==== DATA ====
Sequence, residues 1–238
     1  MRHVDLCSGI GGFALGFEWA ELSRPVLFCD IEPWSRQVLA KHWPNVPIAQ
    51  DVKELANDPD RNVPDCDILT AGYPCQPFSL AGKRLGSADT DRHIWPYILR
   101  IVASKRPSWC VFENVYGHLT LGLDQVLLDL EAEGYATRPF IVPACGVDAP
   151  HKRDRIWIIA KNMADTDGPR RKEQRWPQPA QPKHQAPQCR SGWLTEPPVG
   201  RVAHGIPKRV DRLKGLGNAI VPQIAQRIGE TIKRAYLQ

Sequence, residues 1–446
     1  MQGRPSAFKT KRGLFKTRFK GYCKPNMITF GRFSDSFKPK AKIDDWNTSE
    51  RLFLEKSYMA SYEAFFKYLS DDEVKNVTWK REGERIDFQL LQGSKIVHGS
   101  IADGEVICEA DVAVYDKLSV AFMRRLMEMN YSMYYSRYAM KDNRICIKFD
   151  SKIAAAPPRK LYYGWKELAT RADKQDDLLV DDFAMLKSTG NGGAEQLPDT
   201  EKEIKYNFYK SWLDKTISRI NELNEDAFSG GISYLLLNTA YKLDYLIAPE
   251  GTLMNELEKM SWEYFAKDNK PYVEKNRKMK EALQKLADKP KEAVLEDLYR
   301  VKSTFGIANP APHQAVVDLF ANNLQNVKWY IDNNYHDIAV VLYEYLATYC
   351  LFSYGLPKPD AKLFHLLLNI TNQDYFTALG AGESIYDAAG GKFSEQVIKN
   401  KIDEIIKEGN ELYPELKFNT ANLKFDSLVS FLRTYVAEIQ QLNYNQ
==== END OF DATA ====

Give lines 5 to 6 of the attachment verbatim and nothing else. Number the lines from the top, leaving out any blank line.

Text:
   151  HKRDRIWIIA KNMADTDGPR RKEQRWPQPA QPKHQAPQCR SGWLTEPPVG
   201  RVAHGIPKRV DRLKGLGNAI VPQIAQRIGE TIKRAYLQ